The case related to the activity of a Unibet customer who was allowed to deposit DKK1.4m (£160,658/€188,262/$212,527) into his account between December 2016 and December 2018, without Unibet first confirming that these funds did not originate from criminal activity.
This, the regulator said, happened despite Unibet in March 2015 noting that the player, who was inactive at the time, would need to be monitored if he started depositing and playing again.
Unibet in December 2018 eventually requested the player to provide proof of the origin of the funds. This documentation proved the player was gambling more than he could finance through his income.
However, Spillemyndigheden said Unibet then allowed the player to continue to deposit a further DKK1.8m throughout 2019 until April 2020 when his account was shut down.
Spillemyndigheden ruled that this was in breach sections 10, 11 and 25 of the Danish Money Laundering Act and ordered Kindred and Unibet to notify the country’s Money Laundering Secretariat, a unit within the State Prosecutor for Serious Economic Crime, of the player’s activities.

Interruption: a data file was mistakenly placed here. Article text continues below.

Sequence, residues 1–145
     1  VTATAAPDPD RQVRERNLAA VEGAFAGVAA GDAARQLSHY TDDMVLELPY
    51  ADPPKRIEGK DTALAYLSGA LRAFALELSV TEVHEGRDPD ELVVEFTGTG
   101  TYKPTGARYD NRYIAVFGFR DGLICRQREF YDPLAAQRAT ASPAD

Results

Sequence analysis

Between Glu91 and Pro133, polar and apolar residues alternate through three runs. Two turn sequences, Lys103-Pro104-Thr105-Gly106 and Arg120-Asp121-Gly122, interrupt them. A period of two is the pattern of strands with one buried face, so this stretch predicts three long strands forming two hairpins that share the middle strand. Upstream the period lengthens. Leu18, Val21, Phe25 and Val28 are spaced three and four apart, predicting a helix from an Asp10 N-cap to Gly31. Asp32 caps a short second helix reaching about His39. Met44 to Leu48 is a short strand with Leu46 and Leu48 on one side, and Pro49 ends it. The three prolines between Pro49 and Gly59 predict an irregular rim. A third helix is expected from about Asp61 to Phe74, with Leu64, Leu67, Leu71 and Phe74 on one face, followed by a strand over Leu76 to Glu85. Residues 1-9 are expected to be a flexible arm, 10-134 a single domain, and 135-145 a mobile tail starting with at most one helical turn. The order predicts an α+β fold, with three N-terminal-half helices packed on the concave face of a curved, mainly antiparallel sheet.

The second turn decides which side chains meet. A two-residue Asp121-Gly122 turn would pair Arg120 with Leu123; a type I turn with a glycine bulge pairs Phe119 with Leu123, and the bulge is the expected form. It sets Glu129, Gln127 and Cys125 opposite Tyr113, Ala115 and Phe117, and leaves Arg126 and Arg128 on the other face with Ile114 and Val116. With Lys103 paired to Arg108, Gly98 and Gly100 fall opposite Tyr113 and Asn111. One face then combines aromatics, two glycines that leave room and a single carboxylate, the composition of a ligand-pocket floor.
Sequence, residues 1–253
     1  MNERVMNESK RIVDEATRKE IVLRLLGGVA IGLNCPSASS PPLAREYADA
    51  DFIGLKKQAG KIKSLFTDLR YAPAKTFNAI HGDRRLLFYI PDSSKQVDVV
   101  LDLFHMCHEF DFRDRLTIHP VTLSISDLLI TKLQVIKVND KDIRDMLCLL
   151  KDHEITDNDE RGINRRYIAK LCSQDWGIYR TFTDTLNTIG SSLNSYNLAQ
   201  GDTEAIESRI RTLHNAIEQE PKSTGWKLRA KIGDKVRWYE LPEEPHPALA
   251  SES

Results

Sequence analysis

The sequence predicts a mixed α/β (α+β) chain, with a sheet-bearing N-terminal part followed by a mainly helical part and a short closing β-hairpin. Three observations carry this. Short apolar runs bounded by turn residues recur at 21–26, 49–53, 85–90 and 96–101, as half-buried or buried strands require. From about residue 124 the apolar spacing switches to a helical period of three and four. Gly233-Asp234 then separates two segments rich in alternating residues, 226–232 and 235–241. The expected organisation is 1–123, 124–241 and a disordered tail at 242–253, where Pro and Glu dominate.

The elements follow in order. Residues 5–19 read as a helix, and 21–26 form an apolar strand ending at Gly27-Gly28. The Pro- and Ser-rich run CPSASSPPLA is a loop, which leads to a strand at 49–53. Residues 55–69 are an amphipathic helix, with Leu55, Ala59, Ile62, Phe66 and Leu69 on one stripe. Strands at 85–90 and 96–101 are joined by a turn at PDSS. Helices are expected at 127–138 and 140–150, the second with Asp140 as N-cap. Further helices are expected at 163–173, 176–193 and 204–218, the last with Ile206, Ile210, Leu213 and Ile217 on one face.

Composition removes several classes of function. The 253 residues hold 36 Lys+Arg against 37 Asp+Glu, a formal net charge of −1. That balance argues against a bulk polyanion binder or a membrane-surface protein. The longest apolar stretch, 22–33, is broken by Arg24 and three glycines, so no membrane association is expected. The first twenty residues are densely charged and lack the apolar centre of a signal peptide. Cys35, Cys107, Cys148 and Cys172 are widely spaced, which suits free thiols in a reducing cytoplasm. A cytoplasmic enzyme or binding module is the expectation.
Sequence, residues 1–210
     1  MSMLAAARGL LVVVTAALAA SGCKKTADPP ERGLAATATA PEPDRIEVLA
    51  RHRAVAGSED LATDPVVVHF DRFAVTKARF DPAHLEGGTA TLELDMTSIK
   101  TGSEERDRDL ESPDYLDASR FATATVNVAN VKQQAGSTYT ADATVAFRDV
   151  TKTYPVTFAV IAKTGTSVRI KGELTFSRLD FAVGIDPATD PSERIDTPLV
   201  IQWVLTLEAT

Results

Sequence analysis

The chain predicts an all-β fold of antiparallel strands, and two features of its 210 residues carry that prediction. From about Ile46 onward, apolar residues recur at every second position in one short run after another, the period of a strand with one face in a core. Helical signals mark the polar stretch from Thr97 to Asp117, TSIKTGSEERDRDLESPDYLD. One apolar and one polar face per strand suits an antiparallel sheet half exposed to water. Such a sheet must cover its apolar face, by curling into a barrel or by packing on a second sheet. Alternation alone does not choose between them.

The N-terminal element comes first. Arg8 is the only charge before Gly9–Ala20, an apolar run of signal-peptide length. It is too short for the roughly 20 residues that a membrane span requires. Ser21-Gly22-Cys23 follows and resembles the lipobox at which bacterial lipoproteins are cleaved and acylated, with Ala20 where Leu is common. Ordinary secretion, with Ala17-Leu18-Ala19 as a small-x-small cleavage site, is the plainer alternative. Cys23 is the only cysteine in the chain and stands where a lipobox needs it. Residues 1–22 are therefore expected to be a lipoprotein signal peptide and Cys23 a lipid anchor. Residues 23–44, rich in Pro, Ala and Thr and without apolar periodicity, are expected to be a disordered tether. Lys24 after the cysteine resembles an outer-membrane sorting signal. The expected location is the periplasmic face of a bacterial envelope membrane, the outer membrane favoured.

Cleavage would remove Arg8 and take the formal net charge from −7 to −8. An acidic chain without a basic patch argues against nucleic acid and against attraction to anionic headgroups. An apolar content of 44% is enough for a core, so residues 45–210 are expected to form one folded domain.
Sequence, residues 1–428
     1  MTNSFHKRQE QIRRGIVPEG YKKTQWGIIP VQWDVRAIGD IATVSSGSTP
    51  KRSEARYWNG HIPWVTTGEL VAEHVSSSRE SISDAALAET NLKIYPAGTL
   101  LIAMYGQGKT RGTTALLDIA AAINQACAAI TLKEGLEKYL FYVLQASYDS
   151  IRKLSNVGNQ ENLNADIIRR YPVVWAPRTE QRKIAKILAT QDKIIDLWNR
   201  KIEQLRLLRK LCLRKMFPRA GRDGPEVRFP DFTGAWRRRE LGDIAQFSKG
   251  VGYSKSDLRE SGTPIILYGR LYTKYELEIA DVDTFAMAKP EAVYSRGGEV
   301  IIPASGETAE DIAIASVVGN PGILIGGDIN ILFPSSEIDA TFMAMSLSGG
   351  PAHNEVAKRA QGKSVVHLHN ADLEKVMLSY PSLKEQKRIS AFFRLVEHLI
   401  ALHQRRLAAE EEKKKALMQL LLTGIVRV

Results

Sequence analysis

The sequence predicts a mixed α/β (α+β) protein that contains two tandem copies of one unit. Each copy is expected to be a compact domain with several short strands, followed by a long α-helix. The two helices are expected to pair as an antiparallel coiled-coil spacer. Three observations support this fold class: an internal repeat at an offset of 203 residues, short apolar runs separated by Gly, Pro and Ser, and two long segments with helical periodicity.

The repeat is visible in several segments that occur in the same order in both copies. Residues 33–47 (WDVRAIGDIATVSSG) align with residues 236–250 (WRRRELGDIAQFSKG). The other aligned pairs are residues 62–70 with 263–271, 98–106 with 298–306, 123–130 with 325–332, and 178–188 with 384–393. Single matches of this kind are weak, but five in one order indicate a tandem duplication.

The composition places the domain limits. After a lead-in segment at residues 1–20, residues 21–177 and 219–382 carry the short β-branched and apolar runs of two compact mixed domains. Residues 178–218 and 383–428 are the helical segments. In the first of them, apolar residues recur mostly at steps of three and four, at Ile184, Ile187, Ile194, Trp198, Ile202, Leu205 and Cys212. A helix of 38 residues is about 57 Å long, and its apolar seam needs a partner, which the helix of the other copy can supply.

Unibet was given a two-week deadline to notify the Secretariat, with this due by 23 December. Kindred told iGB that it would “absolutely” meet this deadline.
“Kindred Group, specifically Unibet ’Denmark’ Limited, which operates Kindred’s Danish business, has been reprimanded by the Danish Gambling Authority, DGA, regarding a past failing related to AML,” Kindred told iGB.
“Over the last year we have updated our policy and procedures to ensure further improvements to our AML framework. We are taking necessary precautions to ensure we remain compliant with AML regulations and maintain our high standards on consumer protection. Kindred will continue to collaborate fully with the DGA.”